In the Loop

News and views from across Mayo Clinic

December 22, 2015

Bringing Light to Patients and Visitors at the Generose Building

By In the Loop

The Facilities crew strung lights on every tree leading up to the entrance of the Generose Building.On the surface, it was the kind of interaction that happens every day at Mayo Clinic. A Mayo employee walks into the Generose Building on Mayo's Rochester campus, where he greets a patient and asks how she's doing. The patient notes that she's "doing OK" but is "a little sad" she won't be home for the holidays. She also suggests that the lack of "outside lights at Generose" wasn't helping her spirits.

That might have been the end of it. Perhaps with an understanding smile and nod, and well wishes, the employee might have gone on his merry way. But our friend (who asked to remain anonymous) saw an opportunity. He called Stan Larson and Tom Behrens in Facilities to ask if there was anything that could be done to add lights to the outside of Generose. Specifically, he asked if they could have lights put on "just one" of the trees at the entrance to Generose. They did him one better. Well, several better.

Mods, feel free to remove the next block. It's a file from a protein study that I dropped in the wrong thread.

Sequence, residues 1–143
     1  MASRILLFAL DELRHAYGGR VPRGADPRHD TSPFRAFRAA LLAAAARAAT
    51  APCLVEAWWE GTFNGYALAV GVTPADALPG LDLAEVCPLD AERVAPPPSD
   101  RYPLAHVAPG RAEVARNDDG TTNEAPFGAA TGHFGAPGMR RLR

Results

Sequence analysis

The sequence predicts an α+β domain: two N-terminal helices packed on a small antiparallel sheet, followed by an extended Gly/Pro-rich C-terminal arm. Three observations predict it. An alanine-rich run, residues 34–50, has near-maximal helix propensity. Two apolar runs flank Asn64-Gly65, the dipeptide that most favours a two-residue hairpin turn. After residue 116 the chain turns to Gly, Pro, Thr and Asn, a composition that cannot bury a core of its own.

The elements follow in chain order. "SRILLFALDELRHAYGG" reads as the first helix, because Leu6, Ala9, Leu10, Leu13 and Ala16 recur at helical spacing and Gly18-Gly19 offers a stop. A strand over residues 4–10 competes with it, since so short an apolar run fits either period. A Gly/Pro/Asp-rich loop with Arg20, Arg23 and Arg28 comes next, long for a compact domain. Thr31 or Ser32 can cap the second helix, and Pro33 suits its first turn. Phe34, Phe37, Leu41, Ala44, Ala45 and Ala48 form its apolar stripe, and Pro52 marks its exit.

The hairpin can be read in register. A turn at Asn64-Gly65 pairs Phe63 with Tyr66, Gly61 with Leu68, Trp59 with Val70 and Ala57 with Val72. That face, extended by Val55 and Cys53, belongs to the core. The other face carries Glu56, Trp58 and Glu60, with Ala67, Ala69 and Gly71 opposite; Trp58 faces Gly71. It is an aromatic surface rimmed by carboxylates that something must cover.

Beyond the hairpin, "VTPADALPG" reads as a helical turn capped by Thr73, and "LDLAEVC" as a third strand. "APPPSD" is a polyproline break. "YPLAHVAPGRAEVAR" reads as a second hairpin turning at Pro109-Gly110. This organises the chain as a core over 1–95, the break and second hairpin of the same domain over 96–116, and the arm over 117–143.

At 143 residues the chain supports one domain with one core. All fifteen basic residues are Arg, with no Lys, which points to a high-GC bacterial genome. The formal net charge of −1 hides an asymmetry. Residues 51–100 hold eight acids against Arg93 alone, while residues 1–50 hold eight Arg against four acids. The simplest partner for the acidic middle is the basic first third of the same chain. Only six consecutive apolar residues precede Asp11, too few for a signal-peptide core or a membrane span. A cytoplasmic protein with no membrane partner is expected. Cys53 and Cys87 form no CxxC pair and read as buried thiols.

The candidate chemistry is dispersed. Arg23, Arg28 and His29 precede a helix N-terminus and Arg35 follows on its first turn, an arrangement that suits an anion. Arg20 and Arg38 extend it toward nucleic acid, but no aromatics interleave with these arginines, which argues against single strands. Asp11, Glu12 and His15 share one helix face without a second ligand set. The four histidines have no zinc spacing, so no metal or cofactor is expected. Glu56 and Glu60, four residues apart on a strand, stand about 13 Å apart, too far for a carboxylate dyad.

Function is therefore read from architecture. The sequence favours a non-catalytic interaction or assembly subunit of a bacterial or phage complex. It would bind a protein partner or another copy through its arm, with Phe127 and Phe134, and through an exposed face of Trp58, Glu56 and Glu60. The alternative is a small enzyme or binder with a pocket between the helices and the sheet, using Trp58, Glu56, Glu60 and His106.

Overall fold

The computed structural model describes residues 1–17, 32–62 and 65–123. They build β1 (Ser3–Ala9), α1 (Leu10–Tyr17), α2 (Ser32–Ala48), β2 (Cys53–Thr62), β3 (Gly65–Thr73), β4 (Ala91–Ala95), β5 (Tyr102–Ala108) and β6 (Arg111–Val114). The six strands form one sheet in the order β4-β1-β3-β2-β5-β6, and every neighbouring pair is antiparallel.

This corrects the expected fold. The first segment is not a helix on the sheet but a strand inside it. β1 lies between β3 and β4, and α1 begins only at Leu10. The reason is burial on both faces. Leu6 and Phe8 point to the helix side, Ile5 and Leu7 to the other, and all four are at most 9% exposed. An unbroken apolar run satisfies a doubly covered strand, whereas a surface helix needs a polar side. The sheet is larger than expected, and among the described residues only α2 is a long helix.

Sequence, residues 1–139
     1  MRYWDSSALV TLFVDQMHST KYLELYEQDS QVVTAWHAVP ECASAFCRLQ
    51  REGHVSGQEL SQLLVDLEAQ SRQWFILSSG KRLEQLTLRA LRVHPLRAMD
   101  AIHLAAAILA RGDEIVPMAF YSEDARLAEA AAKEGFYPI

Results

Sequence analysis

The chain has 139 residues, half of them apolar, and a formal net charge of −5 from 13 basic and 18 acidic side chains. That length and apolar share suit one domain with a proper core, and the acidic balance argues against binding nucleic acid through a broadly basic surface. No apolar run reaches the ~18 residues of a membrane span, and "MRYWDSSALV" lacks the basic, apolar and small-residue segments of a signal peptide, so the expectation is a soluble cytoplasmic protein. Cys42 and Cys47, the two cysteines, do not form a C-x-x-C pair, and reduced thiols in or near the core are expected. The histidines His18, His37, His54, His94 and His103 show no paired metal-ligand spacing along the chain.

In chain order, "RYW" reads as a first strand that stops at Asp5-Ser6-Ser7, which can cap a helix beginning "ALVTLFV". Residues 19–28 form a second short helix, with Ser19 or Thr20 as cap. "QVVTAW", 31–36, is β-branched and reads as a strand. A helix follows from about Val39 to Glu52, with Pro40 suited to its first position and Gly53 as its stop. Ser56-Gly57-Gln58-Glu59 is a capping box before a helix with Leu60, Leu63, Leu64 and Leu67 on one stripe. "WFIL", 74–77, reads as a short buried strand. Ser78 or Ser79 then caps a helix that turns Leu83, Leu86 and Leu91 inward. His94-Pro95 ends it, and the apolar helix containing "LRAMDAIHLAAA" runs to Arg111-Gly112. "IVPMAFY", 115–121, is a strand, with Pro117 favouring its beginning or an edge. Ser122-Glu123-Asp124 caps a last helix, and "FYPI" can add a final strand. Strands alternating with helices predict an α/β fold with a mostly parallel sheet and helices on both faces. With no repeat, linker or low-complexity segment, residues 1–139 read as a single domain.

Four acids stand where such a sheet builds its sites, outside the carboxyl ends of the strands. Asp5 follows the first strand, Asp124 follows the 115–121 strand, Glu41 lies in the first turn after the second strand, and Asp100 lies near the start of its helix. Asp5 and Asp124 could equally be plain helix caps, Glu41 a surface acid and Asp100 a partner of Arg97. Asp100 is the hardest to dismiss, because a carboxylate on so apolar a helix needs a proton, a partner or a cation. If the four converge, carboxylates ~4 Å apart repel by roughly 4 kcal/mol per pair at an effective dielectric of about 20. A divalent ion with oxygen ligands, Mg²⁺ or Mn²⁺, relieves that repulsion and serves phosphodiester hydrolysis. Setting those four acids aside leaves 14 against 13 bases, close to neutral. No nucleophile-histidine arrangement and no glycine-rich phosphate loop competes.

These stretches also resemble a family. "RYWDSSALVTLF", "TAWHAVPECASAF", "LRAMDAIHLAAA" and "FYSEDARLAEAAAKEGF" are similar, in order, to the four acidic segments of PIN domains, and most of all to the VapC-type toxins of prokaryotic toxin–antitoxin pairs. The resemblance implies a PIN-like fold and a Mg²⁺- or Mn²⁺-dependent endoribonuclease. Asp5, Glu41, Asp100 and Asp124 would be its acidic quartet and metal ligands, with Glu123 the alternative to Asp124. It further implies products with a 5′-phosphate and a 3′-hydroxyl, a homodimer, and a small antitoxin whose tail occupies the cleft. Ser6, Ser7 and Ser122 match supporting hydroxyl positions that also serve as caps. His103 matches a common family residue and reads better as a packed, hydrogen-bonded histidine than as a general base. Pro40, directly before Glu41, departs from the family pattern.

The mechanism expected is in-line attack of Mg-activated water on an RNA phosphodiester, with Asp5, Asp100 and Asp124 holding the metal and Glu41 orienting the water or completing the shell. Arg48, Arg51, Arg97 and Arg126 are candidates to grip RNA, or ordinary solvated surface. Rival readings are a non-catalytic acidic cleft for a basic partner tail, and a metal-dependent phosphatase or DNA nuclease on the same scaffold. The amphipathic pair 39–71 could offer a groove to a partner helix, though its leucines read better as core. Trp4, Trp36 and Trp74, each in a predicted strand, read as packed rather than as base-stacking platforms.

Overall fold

The Facilities crew strung lights on every tree leading up to the entrance of the Generose Building.Instead of "just one tree," Behrens says the crew that does Mayo's holiday lighting strung lights on every tree leading up to the entrance of the Generose Building. "That's what I love about Mayo Clinic," Behrens says. "It's such a small investment in the grand scheme of things, and I hear someone talk about how nice the lights look almost every day."

A sampling of those nice things people say are below:

  • "The lights relax patients — gives them a sense of being at home. It’s so good to see." — Dave Donahue, General Service
  • "I don’t celebrate Christmas myself, but I'm happy to see that the lights make people happy. Especially here, where people can be so sad." — Joshua Ruiz, General Service
  • "Lights are so important for seasonal affective disorder. We even take patients on a tour of lights in the neighborhood. It's so nice to have them here as well." — Jarrod Leffler, Ph.D., Psychology

While our friend never got the name of the patient he met at Generose, he tells us he hopes the lights bring as much holiday joy to her as they do him. "The mystery of not knowing her name is what makes the kindness of the Facilities staff so special," he says. "To see those lights the next day brought tears to my eyes, and truly represents the season of sharing."

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Tags: Employee Stories, Facilities, Generose Building

Thanks to the lighting crew; I cannot think of a more important area to have holiday lights than Generose. Fighting mental illness needs every little perk it can get.


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